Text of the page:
A man who drove at cyclists and police officers outside the Houses of Parliament has been found guilty of attempted murder.
Student Salih Khater, 30, aimed his car at members of the public before swerving towards the officers in Parliament Square on 14 August 2018.
The Old Bailey heard Khater wanted to cause maximum carnage and it was “miraculous” that no-one was killed.
He had denied two counts of attempted murder.
CCTV of the attack shows Khater, of Highgate Street, Birmingham, plough his Ford Fiesta into a pedestrian and a group of cyclists who had stopped at a red light.
He then careers into a security lane and crashes into barriers as two police officers jump out of the way.
Khater claimed he had gone to London to get a visa from the Sudanese embassy, but “got lost” around Westminster and panicked.
The jury deliberated over two days before rejecting his explanation and finding him guilty.
Prosecutor Alison Morgan QC said the attack had been “premeditated and deliberate”, causing “widespread fear and chaos”.
Khater arrived in Parliament Square in the early hours of 14 August, and drove around Westminster before resting for four-and-a-half hours in Windmill Street, Soho.
He then returned to Westminster, where he made four laps of the square before launching the rush-hour attack.
One victim, pedestrian Paul Brown, was crossing the road when Khater’s car “came out of nowhere” and hit him, causing bruising and grazes.
Cyclists Krystof Tokarski and Anya Breen were waiting at the crossing when Khater revved his engine and knocked them down.
Mr Tokarski suffered grazes and a broken little finger while Ms Breen was thrown over the bonnet, fracturing her collar bone.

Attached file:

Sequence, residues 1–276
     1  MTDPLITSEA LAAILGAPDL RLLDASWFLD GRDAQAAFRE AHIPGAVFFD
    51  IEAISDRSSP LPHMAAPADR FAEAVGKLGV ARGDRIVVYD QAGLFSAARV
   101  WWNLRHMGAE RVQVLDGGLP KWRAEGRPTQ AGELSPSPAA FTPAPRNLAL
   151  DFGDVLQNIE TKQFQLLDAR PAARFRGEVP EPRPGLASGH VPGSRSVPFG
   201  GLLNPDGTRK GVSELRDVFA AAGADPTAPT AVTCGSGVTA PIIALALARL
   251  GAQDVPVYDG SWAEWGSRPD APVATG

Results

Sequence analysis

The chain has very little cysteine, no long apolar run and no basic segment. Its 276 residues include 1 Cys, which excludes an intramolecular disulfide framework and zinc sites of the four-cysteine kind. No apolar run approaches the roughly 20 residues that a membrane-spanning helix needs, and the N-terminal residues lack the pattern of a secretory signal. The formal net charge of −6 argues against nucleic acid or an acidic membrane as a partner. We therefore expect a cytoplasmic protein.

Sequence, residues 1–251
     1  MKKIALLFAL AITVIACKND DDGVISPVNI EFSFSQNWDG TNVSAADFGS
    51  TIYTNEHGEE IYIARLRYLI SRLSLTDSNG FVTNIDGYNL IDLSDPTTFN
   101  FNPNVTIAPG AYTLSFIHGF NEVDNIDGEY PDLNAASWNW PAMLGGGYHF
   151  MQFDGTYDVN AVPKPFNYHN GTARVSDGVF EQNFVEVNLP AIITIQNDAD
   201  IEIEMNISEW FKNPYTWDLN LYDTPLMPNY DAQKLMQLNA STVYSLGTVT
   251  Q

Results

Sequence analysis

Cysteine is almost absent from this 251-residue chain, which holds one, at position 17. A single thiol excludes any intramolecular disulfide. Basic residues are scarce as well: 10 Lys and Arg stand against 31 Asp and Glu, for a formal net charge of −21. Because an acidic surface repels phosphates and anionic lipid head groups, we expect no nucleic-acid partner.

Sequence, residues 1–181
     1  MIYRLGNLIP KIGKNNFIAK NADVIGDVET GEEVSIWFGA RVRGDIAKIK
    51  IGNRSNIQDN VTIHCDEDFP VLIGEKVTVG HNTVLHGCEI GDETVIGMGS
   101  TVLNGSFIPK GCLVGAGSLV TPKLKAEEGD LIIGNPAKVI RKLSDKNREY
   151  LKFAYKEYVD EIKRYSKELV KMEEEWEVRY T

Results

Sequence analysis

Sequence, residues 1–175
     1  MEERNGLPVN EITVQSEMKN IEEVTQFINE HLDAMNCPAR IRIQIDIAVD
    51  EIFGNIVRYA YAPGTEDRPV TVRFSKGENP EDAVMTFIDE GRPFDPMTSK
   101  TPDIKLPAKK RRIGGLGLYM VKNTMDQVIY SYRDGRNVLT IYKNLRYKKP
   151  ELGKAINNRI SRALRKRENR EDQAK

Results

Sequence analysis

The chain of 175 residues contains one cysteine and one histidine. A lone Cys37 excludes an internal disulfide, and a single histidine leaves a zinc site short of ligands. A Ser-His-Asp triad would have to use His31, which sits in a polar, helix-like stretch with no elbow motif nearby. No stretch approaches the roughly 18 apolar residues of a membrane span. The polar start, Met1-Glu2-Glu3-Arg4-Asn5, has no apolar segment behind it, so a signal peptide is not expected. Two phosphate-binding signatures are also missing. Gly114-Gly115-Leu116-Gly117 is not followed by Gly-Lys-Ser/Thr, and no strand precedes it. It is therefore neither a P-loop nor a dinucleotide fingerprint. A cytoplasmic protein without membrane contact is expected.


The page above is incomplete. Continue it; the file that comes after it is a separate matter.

Other people were trapped under their bikes, with some screaming in pain, the court heard.
Khater then made a sharp turn into a slip road, going 32mph, forcing officers Darren Shotton and Simon Short to dive out of the way.
He told jurors he “got lost” and “panicked” when he crashed into cyclists and was trying to pull over when he crashed into barriers in the security lane.
He said: “I remember something made me panic. The car was not in my full control at the time.”
Ms Morgan told jurors Khater’s reason for the attack was unclear, but targeting officers guarding the Palace of Westminster suggested a possible “terrorist motive”.
Mobile phone evidence showed he had looked up maps for 10 Downing Street and Westminster, described as potential “deliberate targets” by prosecutors.
Sudan-born Khater was granted asylum in Britain in 2010 after claiming he had been tortured in his home country.
Mrs Justice McGowan remanded him into custody to be sentenced on 7 October and ordered pre-sentence reports to help her determine Khater’s potential dangerousness.